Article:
A time-honored design stunt in the world of chipmaking is the kill-two-chips-with-one-chip move. Several years ago, STMicroelectronics did it with GPS receivers. The European chip giant smashed together a GPS radio front end (which usually made up one chip) with a signal correlator, microprocessor, and memory (usually on the other chip). Although handheld GPS systems had already been marketed, the STA2056 set a new standard for size and power consumption. And at US $8, the chip was cheap, driving the cost of GPS devices down and helping open up a mass market for them. Fiat has used the chip in several Alfa Romeo models, and GPS vendor Becker put it in its handsets. And of course the two-chips-into-one trick remains a favorite of chipmakers everywhere.
Advanced Micro Devices Opteron Processor (2003)
Since its founding in 1969, Advanced Micro Devices has delivered its share of innovative integrated circuits. There were the logic chips that got the company started, then the AMD 9080 microprocessor (a clone of Intel’s 8-bit 8080), and let’s not forget AMD’s Am2900 bit-slice family—4-bit chips that could be grouped to create 8- or 16-bit controllers, a method known as bit slicing. But most recently, the AMD chip that really stands out—one of many painful pebbles AMD has planted in Intel’s shoes—is the 64-bit Opteron processor. This CPU extended the 32-bit x 86 instruction set to a 64-bit architecture. What’s more, it incorporated an embedded memory controller and a high-speed chip-to-chip interconnect. The Opteron was aimed at servers, but AMD soon transplanted its innovations to the Athlon 64, targeted at consumer PCs. The two powerful AMD processors allowed users to take on computing tasks previously reserved for expensive RISC systems. The chips also forced Intel to add similar capabilities to its own x 86 products.
Philips TDA7000 FM Receiver (1983)
Engineers rarely forget their first encounter with a superheterodyne receiver. Ah, the satisfaction of building a neat FM radio from scratch! When it works, that is. No surprise, then, that some hobbyists received with enthusiasm the TDA7000, a remarkable-for-its-day complete FM radio on a chip, crammed with an RF input stage, a mixer, a local oscillator, an intermediate frequency amplifier, and a demodulator. It let do-it-yourselfers build decent FM receivers without having to deal with hard-to-adjust components like intermediate-frequency transformers. Designed as a compact, cheap chip for mono portable radios—which themselves need to be compact and cheap—the TDA7000 offered incredible performance. Surprisingly, though, it was never used in a major commercial product. Sold by Tandy, it remained a huge hit with kit builders and hobbyists for two decades, until Philips’s semiconductors division, now NXP, stopped making the part in December 2003. But variants of the chip are still around.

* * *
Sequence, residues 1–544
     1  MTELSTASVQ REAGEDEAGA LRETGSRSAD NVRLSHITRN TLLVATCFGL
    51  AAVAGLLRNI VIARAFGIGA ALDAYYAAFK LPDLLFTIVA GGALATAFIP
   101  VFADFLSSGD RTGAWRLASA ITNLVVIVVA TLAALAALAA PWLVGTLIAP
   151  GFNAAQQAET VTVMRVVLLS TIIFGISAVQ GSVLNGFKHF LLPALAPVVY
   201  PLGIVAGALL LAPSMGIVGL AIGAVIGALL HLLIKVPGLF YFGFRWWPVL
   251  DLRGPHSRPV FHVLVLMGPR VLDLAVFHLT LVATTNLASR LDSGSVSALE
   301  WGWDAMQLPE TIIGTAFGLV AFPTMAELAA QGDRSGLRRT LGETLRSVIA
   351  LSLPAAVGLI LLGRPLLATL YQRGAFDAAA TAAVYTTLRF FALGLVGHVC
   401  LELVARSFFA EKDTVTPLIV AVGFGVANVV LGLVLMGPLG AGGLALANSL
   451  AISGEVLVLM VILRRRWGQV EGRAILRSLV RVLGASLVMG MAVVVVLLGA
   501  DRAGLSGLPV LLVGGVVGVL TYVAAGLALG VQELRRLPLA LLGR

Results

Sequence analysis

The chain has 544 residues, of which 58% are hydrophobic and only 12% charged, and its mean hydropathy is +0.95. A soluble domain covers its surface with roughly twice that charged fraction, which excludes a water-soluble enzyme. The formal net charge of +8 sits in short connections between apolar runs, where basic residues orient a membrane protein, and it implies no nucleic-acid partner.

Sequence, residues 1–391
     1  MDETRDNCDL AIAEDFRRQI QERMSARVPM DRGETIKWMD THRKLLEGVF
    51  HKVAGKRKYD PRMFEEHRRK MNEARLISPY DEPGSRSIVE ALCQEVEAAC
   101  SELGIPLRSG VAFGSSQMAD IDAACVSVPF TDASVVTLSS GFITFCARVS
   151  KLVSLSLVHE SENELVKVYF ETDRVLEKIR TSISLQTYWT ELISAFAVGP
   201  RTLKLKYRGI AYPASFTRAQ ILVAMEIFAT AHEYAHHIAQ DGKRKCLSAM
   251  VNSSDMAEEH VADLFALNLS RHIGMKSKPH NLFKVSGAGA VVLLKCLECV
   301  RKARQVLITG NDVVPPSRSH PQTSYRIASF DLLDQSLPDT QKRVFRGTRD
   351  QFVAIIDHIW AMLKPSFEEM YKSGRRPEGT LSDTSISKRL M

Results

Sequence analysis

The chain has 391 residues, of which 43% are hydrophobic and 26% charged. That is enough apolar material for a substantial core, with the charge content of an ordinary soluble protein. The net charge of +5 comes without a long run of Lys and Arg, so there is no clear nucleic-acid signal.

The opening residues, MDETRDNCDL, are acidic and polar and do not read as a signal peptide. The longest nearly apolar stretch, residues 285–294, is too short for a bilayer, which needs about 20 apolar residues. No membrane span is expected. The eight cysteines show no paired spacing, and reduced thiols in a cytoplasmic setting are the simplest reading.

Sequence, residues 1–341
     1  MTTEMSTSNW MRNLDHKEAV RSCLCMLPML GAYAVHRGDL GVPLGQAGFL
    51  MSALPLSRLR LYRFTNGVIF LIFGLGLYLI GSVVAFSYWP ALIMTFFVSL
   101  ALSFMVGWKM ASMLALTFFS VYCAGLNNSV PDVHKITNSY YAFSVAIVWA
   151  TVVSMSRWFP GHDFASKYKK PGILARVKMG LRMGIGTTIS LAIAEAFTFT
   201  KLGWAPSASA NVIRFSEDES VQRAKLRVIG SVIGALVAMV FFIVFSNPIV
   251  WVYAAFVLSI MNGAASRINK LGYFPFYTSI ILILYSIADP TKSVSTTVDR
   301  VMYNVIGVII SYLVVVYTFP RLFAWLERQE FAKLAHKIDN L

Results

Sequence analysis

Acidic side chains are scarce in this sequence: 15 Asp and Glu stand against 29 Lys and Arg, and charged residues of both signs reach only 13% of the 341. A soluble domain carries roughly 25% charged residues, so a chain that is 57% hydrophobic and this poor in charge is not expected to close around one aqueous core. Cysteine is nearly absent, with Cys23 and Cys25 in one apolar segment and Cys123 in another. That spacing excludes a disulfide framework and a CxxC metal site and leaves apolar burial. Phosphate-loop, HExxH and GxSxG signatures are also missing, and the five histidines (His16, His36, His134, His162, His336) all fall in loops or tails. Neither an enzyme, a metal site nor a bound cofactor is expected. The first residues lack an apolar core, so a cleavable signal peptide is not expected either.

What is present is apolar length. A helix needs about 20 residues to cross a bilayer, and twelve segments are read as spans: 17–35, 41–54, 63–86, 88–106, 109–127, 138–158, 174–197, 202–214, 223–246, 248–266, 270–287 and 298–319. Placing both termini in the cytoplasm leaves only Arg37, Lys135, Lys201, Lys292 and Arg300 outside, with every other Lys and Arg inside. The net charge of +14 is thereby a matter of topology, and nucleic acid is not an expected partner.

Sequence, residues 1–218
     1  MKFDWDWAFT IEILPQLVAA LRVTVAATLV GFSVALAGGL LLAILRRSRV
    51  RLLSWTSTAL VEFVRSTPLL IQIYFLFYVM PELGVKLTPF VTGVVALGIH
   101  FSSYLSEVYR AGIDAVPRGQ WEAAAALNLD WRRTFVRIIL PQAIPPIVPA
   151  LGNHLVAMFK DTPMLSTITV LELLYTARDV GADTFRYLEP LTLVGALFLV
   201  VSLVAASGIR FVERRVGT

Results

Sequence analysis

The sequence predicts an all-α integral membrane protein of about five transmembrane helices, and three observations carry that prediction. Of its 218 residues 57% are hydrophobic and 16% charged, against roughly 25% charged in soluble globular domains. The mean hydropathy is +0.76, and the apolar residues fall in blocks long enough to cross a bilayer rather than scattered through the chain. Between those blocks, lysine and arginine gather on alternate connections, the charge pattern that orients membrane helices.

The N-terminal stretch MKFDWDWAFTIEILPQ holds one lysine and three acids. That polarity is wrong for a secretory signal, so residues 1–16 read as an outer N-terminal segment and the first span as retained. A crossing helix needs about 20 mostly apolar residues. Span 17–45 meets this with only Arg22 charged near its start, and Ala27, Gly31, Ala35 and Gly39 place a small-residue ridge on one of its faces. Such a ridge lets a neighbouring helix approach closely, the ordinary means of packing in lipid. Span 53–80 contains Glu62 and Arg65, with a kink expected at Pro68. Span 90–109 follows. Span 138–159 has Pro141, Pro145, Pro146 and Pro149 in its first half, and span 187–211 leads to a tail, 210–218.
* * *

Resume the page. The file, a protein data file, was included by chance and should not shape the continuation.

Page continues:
Texas Instruments SN7400 Logic Chips (1966)
In the prehistoric days of digital computers—they were called minis and mainframes back then—engineers sought to replace discrete transistors with integrated circuits that could perform basic logic operations. In these premicroprocessor days, engineers were working with simpler fare—chips like the Texas Instruments SN7400, an IC with four two-input NAND logic gates. This chip was just one in a very big family—known as the 7400 series—that did very well for TI. Unlike earlier logic chips, which used diodes and transistors (called diode-transistor logic, or DTL), the 7400 chips were based on all-transistor logic circuits (transistor-transistor logic, or TTL). Texas Instruments’ TTL Data Book for Design Engineers became, as ”The Silicon Engine” exhibit at the Computer History Museum puts it, ”the indispensable data manual of the late 1970s.” Today the 7400 family is still in production, sold by TI and many others. Among the hundreds of 7400 siblings are simple chips like the SN7404, which contains a bunch of hexadecimal inverters, and more complex ones like the SN74ALVC162334, a 16-bit universal bus driver with three-state outputs. Surely more than a few engineers still keep the TTL data book within arm’s reach.